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Submission + - Vault 7: CIA Has Malware for Hacking Air-Gapped Networks via USB Thumb Drives (bleepingcomputer.com)

An anonymous reader writes: WikiLeaks dumped today the manuals of several hacking utilities part of Brutal Kangaroo, a CIA malware toolkit for hacking into air-gapped (offline) networks using tainted USB thumb drives. The CIA uses these tools as part of a very complex attack process, that allows CIA operatives to infect offline, air-gapped networks.

The first stage of these attacks start with the infection of a "primary host," an Internet-connected computer at a targeted company. Malware on this primary host automatically infects all USB thumb drives inserted into the machine. If this thumb drive is connected to computers on an air-gapped network, a second malware is planted on these devices.

This malware is so advanced, that it can even create a network of hacked air-gapped PCs that talk to each other and exchange commands. To infect the air-gapped computers, the CIA malware uses LNK (shortcut) files placed on the USB thumb drive. Once the user opens and views the content of the thumb drive in Windows Explorer, his air-gapped PC is infected without any other interaction.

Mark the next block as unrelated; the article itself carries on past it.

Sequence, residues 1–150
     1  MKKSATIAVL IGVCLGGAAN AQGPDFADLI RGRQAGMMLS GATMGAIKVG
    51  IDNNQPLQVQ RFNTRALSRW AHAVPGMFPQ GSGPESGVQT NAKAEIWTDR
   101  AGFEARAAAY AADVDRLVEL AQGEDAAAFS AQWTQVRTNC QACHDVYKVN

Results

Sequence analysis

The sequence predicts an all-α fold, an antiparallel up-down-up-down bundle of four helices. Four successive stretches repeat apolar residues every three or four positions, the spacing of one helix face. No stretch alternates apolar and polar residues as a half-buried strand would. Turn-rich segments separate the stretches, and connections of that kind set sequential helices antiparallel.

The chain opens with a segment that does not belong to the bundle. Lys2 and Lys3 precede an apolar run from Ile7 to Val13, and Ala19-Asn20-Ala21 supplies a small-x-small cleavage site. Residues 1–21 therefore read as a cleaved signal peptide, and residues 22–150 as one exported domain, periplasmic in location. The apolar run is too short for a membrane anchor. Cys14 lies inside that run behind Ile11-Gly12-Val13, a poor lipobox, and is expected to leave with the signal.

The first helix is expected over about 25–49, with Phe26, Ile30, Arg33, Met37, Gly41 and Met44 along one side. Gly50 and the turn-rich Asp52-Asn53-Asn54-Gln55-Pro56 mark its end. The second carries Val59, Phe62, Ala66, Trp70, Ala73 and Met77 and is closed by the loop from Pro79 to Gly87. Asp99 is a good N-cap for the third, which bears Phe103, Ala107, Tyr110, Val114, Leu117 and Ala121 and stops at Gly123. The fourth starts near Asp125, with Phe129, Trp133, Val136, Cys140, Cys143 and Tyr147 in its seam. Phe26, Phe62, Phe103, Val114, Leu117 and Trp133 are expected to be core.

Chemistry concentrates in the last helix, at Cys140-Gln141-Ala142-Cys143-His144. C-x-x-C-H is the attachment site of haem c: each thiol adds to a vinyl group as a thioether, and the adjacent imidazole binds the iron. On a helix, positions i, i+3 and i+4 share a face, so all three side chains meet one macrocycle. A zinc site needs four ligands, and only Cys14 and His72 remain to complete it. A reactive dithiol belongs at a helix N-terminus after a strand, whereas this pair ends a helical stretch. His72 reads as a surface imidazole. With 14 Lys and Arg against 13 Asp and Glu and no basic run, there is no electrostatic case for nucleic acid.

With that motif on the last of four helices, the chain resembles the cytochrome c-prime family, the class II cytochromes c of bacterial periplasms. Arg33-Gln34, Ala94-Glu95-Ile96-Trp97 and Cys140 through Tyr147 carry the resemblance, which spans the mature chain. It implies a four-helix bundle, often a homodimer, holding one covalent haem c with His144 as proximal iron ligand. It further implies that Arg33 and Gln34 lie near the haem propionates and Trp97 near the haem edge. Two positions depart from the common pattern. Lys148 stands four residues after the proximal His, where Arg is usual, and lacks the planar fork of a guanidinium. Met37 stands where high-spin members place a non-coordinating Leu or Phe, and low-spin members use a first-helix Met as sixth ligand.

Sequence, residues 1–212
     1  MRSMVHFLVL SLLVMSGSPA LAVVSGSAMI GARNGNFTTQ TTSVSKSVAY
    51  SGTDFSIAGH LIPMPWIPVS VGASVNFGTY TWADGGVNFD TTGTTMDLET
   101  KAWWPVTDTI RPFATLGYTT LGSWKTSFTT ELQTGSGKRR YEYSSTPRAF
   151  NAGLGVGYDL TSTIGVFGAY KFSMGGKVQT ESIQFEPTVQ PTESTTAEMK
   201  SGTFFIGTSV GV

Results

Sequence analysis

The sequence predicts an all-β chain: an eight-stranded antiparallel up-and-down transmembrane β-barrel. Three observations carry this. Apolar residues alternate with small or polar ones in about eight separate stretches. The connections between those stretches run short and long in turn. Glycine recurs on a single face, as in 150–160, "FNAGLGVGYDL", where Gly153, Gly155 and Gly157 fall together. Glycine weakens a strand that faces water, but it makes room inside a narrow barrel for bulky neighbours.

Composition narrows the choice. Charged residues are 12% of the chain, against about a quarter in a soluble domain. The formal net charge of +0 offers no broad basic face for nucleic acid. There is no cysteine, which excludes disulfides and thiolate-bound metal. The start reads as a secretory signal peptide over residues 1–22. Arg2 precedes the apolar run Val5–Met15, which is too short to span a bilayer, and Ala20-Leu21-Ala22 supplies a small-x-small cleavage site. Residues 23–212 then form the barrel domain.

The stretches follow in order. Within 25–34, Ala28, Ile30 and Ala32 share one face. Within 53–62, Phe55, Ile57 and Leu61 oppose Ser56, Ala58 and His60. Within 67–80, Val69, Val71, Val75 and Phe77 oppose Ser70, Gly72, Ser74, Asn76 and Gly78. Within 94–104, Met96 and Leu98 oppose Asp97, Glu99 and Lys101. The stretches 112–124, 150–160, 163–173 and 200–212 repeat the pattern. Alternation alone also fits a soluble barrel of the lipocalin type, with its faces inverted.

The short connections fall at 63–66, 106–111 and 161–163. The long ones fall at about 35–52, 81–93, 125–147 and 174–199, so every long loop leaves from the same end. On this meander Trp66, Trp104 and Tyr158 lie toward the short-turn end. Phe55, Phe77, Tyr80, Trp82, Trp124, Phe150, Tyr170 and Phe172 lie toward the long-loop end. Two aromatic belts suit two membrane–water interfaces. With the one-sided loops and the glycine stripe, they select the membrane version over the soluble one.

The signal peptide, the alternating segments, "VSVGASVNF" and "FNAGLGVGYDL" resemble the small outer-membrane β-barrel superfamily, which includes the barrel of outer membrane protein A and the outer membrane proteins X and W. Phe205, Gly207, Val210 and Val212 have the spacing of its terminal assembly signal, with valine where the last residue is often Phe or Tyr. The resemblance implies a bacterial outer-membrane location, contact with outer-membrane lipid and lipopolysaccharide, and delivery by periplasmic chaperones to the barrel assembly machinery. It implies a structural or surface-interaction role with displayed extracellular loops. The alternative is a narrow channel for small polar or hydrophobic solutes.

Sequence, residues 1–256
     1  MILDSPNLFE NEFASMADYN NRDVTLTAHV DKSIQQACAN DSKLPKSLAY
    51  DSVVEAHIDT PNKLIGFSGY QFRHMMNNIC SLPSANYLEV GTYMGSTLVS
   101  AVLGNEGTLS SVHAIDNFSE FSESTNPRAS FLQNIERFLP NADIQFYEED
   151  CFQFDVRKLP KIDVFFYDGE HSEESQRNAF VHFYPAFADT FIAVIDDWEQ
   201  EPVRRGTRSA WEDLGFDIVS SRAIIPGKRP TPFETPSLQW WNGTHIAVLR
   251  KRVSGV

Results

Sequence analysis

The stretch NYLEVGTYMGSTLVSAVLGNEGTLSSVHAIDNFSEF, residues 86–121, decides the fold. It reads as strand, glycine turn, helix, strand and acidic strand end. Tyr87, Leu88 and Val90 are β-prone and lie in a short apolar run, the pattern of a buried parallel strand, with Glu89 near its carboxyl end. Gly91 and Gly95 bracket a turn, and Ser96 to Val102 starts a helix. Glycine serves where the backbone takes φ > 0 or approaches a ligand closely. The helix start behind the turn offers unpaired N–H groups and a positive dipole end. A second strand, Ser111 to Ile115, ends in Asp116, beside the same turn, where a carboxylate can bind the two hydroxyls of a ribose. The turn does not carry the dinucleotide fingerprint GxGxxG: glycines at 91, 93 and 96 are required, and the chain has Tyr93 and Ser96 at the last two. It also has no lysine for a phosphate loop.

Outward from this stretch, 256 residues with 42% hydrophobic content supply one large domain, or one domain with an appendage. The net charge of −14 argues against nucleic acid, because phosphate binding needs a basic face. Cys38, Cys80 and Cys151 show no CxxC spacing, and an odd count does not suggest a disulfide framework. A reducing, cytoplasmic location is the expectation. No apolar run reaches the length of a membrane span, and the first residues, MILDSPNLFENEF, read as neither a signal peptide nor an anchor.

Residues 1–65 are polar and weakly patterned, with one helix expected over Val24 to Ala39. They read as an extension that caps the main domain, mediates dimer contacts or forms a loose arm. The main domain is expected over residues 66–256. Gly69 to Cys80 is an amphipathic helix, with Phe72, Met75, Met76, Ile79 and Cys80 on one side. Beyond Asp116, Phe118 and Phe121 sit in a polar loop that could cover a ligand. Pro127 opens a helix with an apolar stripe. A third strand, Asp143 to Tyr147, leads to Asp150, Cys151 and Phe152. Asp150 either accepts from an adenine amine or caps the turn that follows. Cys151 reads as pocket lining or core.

Submission + - SPAM: The trouble with geoengineers "hacking the planet"

Dan Drollette writes: Despite all the hype, geoengineering would not be simple or easy, or a one-time solution, or buy us any time. Instead, "hacking the planet" would be a difficult undertaking that humanity would have to commit to essentially forever—and still not fix the underlying problem. Assuming it even works.
Link to Original Source

Submission + - Password Reset MITM: Exposing The Need For Better Security Choices (helpnetsecurity.com)